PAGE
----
Nightmare Fuel / Avatar: The Last Airbender
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  • Fire Lord Ozai. The fact that he's voiced by Mark Hamill (also known as the Joker) and never shows his face during the first two seasons doesn't help at all.
  • Ozai's daughter, Princess Azula. A sociopathic fourteen-year-old girl who is not only a Child Prodigy and one of the most powerful and skilled firebenders in the world, but also a Machiavellian-style tactical genius and a metaphorical and literal Hero Killer.
  • The Fire Nation proves to be one to not only the audience but the entire Avatar world as well. They're basically fire-slinging Nazis that go around assimilating territory and annihilating whatever gets in their way. Under the rule of Ozai's father and grandfather, the Fire Nation annihilated the entire race of pacifistic Air Nomads and went on ritual pogroms towards Water Benders as well. The Nation's forces even attempted to scorch the entire Earth Kingdom and its people to ash near the end of the series. The blatant jingoism of its people portrays how dangerous patriotic zealotry and fanaticism can be for a nation.
  • The Avatar State. Aang loses control and turns from a kind, Cheerful Child into a cold, merciless Creepy Child with the Voice of the Legion and Glowing Eyes of Doom.

    Book One: Water 
  • Episode 3 was the first jaw-dropping instance of nightmarish imagery the show spit out- the moment Aang spies a heap of Fire Nation soldiers' skeletons all gathered around another skeleton leaned against the wall- Monk Gyatso's. Not only are they the first legitimately depicted deaths in the series, but it's on a scale of its own when you realize it premiered on Nickelodeon- a kid's show network. Then you see that they're all charred black... meaning they burned to death; killing people by burning them alive... on a children's show! Worse, Aang goes into a terrifying rage that sets off his Avatar State and he loses control. Everything around him turns dark, he surrounds himself in a sphere of wildly spinning air powerful enough to kick up a tornado, and starts levitating. You can only see his shadow-obscured face with cold, glowing eyes and an eerie whirring sound pulsating from him.
    • Place yourself in Aang's shoes: scared of his responsibility as the Avatar, he leaves his friends and possibly his family, and to him that was only a few DAYS ago. Then he sees the skeletal remains of his people and teachers. That's when reality sets in and he realizes the horrible truth: he's completely alone and truly the last of his people. Who knows what Aang would have done had Katara not stepped in to comfort him.
  • "Winter Solstice, Part 2: Avatar Roku" is where we see Fire Lord Ozai for the first time albeit only a vision of him. The terrifying part? He's seen completely in shadows surrounded by flames before he roars a huge stream of fire and generally looks demonic. It's here where both we (and Aang) realize what he truly has to defeat.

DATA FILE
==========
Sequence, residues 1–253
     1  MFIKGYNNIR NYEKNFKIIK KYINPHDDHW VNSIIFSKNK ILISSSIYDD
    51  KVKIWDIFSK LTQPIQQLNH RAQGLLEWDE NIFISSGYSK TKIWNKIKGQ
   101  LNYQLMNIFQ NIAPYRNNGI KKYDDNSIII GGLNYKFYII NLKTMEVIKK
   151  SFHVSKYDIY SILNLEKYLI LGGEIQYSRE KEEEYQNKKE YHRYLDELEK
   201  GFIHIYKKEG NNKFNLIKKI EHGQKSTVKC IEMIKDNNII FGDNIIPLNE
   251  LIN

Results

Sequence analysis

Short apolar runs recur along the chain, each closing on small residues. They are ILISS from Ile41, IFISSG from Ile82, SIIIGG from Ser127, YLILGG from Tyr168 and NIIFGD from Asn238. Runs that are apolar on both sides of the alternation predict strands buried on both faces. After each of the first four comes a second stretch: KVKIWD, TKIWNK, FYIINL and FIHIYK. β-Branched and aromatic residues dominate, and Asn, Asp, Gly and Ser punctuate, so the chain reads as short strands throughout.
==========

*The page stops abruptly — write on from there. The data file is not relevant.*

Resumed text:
• "Jet" presents the titular character, who plans to flood a valley, killing an entire town's worth of Fire Nation soldiers and civillians alike. Keep in mind that he can't be older than sixteen.
    Jet: Now listen, you are not to blow the dam until I give the signal. If the reservoir isn't full, the Fire Nation troops could survive.
  • "The Storm" is a double whammy:
    • There's a very poignant Adult Fear moment from Gyatso when he realizes that Aang's just run away... and there's a massive storm brewing outside. Not to mention he never sees the kid again and soon after is killed as part of the Air Nomad genocide when the Fire Nation invades.
    • More famously, there's that scene where we see the Fire Lord Ozai (or rather, hear him) torching his son Zuko's face. Zuko is 13 years old, crying, and begging for mercy - and screaming. Oh God, his SCREAM. The poor kid is terrified, and you can practically hear how betrayed he feels. Worse is Zhao's look of content when he witnesses the outcome of the Agni Kai firsthand. Iroh, on the other hand, can't bear to watch and turns away. But the scariest reaction is the one that comes from the girl next to him, who smirks with delight and clenches her fist as though Zuko was finally getting what he deserved and being knocked down a peg or two after mommy kept showing him more attention and favoritism. Come season finale time, we learn that girl's identity: Azula. And then it hits you: Azula was overjoyed watching her own, kind-hearted brother get his face seared to a crisp. That's the first warning sign of how twisted, deranged, and utterly inhumane she's become upstairs.
  • The Yu Yan. These guys are the best archers in the entire Fire Nation, possibly the entire world, and when ordered to have absolutely no qualms about ganging up on a twelve-year-old boy like a pack of wolves. Just the look on Aang's face after they have him pinned to the log.